turnkey and incarcerated in a holding cell for an hour and a half to two hours. A statement was taken by another officer in which Morrison gave substantially the same information as he had given previously, that he had loaned his car to Mulkerrin and that was all he knew about the incident. Morrison was thus in custody for a total of approximately four hours.
21. In the meantime, Mrs. Morrison had contacted an attorney, Lisle Zehner, Esq., and the attorney, in attempting to find out whether or not Clarence Morrison was incarcerated, made some five or six telephone calls to various police telephone numbers before finally being put in touch with Morrison at the Public Safety Building. Mr. Zehner described his contacts with the Police Department as a "conspiracy of silence".
22. When Zehner first contacted Detective Fox that night he said he would file a suit for immediate release.
23. However, at approximately 8 P.M., Zehner was told that Morrison was at the Public Safety Building, was not under arrest, and could leave any time. He thereupon spoke with Morrison and told him to leave immediately. Morrison had previously been told he would be driven back to Sunny Jim's, but when no ride was offered, he got a cab at approximately 10 P.M., went back to Sunny Jim's to pick up his car, and proceeded to his home.
24. Zehner was contacted the next day by Detective Fox to see if the matter could be straightened out, but no resolution was reached.
25. As time went on, Morrison's children heard rumors that he had been "busted" in a drug raid (some of the Detectives involved were from the Drug Enforcement Division). Some three months later, although employed and earning $ 230 a week with Coleman Mulkerrin, Morrison moved to the Punxsutawney area from his home in Emsworth, because he didn't want his children to believe their father was a "dope dealer".
26. Following his move to Punxsutawney, Morrison was out of work for eight months.
27. While at the Public Safety Building, Morrison was placed in a filthy, dark and bug infested cell for approximately one and a half to two hours and as a result of his confinement felt nervous. Other than this, no emotional distress or mental anguish of any kind was suffered by Morrison, nor was there evidence that the move to Punxsutawney was in any way directly related to the conduct of the officers in the incident set forth above, other than the rumors with which the Detectives had no connection.
28. In Sunny Jim's at the time of the incident were the bar maid, a Robert Murphy and his wife, who lived above the bar and who testified for Morrison at the hearing, two young people who were playing pool, and a Franny Reed. There was no evidence whatsoever that any of these persons ever spoke to the Plaintiff about the incident.
The Plaintiff bases a strong attack on the contention that the Detectives brought about an illegal arrest because under Pennsylvania law warrantless arrests are prohibited for misdemeanors committed outside the arresting officer's presence. The Plaintiff's theory is that the charges were later reduced before the Magistrate to criminal trespass, which is a misdemeanor, and that the officers under the circumstances knew that kidnapping, burglary and aggravated assault could not be sustained, that these charges were a mere sham, that the John Doe warrant was invalid,
and the arrest was also invalid. We do not, however, reach these questions, focusing on the good faith defense of the officers.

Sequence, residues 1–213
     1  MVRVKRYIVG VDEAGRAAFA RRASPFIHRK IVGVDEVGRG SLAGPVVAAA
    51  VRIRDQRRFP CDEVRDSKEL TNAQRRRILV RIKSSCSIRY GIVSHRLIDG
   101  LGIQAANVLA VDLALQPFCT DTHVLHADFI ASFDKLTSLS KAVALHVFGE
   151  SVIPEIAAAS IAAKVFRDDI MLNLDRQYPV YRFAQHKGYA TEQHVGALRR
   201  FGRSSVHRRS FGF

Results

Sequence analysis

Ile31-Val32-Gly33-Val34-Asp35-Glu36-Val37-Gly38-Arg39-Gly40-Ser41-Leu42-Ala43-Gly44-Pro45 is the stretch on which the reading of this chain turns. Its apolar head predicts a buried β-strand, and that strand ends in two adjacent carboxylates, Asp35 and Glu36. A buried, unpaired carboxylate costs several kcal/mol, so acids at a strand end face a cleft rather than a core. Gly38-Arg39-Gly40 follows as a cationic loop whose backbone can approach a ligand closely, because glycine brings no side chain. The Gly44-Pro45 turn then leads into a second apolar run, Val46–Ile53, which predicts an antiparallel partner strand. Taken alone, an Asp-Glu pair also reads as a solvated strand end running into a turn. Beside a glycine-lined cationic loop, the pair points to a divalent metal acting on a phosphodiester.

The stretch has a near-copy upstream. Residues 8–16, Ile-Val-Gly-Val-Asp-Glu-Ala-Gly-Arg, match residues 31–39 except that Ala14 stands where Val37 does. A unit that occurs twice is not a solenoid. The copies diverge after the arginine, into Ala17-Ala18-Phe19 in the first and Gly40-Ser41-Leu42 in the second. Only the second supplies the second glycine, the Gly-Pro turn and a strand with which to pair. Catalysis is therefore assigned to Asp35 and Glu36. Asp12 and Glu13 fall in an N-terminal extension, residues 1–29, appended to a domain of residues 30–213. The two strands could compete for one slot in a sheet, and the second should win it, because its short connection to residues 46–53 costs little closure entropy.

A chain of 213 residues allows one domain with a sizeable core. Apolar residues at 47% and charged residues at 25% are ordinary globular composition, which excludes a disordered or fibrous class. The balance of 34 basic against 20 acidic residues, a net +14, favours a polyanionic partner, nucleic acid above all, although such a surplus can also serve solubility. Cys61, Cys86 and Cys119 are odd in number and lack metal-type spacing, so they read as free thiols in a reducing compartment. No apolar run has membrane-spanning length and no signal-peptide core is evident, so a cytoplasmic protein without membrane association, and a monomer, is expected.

Section 1983 does not provide a remedy for common law torts. Instead, it creates a federal cause of action against those who "acting under color of state law" cause a "deprivation of any rights, privileges, or immunities secured by the Constitution and laws (of the United States)." It is the violation of Federal Constitutional rights which may be redressed, not the violation of state law.
As said by Justice Douglas in Screws v. United States, 325 U.S. 91, 108, 65 S. Ct. 1031, 1038, 89 L. Ed. 1495 (1945):
"But there is no warrant for treating the question in state law terms. The problem is not whether state law has been violated but whether an inhabitant of a State has been deprived of a federal right by one who acts under "color of any law'."
Cf. Street v. Surdyka, 492 F.2d 368 (4th Cir. 1973).
In Beck v. Ohio, 379 U.S. 89, 85 S. Ct. 223, 13 L. Ed. 2d 142 (1964), and Henry v. United States, 361 U.S. 98, 80 S. Ct. 168, 4 L. Ed. 2d 134 (1959), cited to us by the Plaintiff, the Supreme Court focused on the requirement of probable cause in determining whether warrantless arrests were constitutionally valid. However, in a 1983 action, the defendants may justify the arrest, if made in good faith and if the officers reasonably believe they have probable cause.
In Brubaker v. King, 505 F.2d 534, 536-37 (7th Cir. 1974) (Senior United States Circuit Judge William H. Hastie of the United States Court of Appeals for the Third Circuit, sitting by designation), stated:
"The Supreme Court has held, Pierson v. Ray, 386 U.S. 547, 87 S. Ct. 1213, 18 L. Ed. 2d 288 (1967), and has recently reaffirmed, Scheuer v. Rhodes, 416 U.S. 232, 94 S. Ct. 1683, 40 L. Ed. 2d 90 (1974), that the defense of good faith and probable cause is available to police officers in a civil rights action based on § 1983. In Pierson, the Court explained how the two elements of good faith and probable cause were to be applied as a standard: "(If) the jury found that the officers reasonably believed in good faith that the arrest was constitutional, then a verdict for the officers would follow even though the arrest was in fact unconstitutional.' 386 U.S. at 557, 87 S. Ct. at 1219. The test, thus, under § 1983 is not whether the arrest was constitutional or unconstitutional or whether it was made with or without probable cause, but whether the officer believed in good faith that the arrest was made with probable cause and whether that belief was reasonable. n1